Business Systems and Processes.

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A Cool Business System that Attracts Customers and Cuts Cost!

Last week, my wife and I went to dinner at one of our favorite eating spots, Tucanos Brazilian Grill, a local chain of restaurants. They have a cool food-service system that is part of their brand but also saves them thousands of dollars every year.

The restaurant offers an all-you-can-eat buffet of tasty salads and side dishes, while entrée servers walk around from table to table with skews of beef cuts, barbecued chicken wings, bacon-wrapped turkey, pork, sausage, shrimp, grilled pineapple or vegetables, and so forth. They cut off slices or push pieces down the skewer for customers to grab with tongs and put them on their meat plate.

The Tucanos Cue System

Once patrons are ready for servers to visit their table with these delicious morsels, they turn the wooden “Tucanos Cue” with the green side up (go). If they need to pause or are full to bursting, they turn the Tucanos Cue over, with the red side up (stop). The servers immediately discontinue bringing selections to the table. Laying the cue on its side signals that customers are ready to pay their check.

Tucanos Cue - A Cool Business System

This distinctive method of serving the entrée makes Tucanos Brazilian Grill an unforgettable experience for customers. However, it is also a significant cost-saving strategy. Here’s how.

Fun and Profit Producing

A Tucanos Restaurant feeds an average of 1200 people per day with about fourteen entrée servers per shift. The servers visit the tables approximately fifteen times throughout the customer’s thirty-minute eating frenzy. They spend roughly ten seconds per person each time they visit. Were it not for the Tucanos Cue in the red position, my observation is that they would spend at least an extra sixty seconds per person during the meal with needless visits and chatting.

The average savings of one minute per customer is equal to 1200 minutes per day or twenty person-hours. The entrée server is paid $2.50 per hour by the company (tips are added). This amounts to a savings of $50 per day or $15,600 per year (Tucanos is not open on Sundays). The Tucanos Cue System enables the restaurant to provide a quality service with one or two fewer entrée servers than might otherwise be required.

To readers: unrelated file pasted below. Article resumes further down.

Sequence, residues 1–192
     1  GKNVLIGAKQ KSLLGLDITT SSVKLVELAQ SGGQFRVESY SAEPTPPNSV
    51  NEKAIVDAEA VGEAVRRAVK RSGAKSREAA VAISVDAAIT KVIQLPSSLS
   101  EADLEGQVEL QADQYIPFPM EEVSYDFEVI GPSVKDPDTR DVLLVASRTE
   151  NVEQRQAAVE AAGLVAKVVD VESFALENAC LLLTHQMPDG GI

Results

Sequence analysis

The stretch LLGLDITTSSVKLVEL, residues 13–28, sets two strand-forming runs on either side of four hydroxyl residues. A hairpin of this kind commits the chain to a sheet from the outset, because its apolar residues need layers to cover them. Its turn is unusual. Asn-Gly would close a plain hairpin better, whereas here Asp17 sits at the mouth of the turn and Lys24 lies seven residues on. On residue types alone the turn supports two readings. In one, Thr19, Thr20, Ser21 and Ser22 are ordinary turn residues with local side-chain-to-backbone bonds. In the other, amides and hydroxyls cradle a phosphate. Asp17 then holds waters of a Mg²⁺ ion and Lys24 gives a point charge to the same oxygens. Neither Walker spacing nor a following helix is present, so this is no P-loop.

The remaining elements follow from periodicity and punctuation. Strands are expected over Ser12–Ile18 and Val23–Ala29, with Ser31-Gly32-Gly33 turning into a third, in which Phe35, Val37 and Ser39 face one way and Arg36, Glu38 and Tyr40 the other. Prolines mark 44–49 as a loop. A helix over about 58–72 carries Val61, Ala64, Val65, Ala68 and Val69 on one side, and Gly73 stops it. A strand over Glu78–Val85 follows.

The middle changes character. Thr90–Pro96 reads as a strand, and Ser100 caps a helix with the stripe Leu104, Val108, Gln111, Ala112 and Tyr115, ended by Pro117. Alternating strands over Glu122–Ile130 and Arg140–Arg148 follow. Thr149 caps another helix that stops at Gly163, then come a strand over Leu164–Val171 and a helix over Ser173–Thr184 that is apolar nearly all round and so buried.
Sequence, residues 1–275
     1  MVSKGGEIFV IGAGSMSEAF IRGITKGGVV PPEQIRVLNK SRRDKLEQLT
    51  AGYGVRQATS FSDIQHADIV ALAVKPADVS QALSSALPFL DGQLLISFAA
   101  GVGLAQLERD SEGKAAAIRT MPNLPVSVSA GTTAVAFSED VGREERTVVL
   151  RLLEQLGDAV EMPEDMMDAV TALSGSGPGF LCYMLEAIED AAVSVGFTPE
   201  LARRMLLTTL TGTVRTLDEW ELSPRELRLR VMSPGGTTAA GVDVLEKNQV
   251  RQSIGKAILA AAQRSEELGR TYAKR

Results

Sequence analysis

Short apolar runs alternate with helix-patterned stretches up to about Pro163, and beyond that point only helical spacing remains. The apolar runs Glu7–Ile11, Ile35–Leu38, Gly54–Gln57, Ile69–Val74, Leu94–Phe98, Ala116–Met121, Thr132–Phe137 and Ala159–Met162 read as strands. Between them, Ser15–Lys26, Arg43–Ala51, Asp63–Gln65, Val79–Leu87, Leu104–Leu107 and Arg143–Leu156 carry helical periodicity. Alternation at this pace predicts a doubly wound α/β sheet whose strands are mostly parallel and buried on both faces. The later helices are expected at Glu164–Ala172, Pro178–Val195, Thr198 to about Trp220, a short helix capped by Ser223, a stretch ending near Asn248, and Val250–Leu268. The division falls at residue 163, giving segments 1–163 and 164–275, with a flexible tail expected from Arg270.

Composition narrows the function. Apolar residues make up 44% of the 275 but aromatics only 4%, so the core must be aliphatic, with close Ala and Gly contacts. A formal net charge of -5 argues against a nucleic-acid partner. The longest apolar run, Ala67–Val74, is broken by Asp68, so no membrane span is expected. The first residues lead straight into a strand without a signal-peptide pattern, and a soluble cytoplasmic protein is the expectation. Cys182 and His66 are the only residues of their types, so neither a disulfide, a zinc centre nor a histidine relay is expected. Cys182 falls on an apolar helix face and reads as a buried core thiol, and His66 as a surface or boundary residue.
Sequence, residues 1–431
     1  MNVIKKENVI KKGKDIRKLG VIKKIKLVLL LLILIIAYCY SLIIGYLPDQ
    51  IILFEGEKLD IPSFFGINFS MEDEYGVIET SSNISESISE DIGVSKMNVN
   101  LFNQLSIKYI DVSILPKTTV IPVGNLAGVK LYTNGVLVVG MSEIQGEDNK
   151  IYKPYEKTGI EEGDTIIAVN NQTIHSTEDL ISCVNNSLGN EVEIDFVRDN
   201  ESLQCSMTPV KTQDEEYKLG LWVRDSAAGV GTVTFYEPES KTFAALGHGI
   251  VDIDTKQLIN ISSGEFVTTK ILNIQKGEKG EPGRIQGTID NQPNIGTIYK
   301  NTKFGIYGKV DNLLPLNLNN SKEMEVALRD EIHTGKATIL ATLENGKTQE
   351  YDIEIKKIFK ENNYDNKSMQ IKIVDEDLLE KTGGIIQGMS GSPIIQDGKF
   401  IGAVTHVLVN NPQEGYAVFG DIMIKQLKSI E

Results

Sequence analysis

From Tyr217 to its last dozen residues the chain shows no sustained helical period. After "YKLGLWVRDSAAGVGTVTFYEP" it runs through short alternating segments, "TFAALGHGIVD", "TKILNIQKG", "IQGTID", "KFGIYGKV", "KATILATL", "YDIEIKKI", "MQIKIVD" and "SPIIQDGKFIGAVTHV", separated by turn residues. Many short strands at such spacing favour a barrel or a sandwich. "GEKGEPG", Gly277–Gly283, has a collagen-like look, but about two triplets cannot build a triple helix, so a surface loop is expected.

In your business, using minimum wage employees for a five-day workweek, similar time savings would add up to a whopping $37,700 per year. A nice bit of change resulting from a little creative thinking, don’t you think? With the minimum wage going up, or higher-paid employees, the savings is even more impressive.

Where’s the Magic in Your Business Systems?

Remember, an effective business system is not just a flowchart or a checklist. The best systems include a mixture of left-brain and right-brain thinking that make your company a fun and motivating place to work and shop. The effort will translate into lower costs, repeat customers, and a thriving enterprise.

Become a Systems Thinker and you will discover the magic in your business!

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I will show you how to eliminate business frustrations and make more money by creating remarkable systems and processes that boost customer loyalty, profitability and growth. The application of these strategies has proven to be of great worth for owners of many small and mid-size businesses. Put me to the test!

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You have nothing to lose and everything to gain. I will not be trying to sell you because you are getting everything for FREE, much more than I have described here. I won’t be contacting you; however, you can contact me for help with the software or your business at any time. Please browse around my website. If you have any questions, email me, Ron Carroll, at

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I’ll be cheering you on from my quiet fishing hole in the mountains of Utah.

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Michael Gerber

"Organize around business functions, not people. Build systems within each business function. Let systems run the business and people run the systems. People come and go but the systems remain constant."

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W. Edwards Deming

"If you can't describe what you are doing as a process, you don't know what you're doing. . . . 94% of all failure is a result of the system, not people."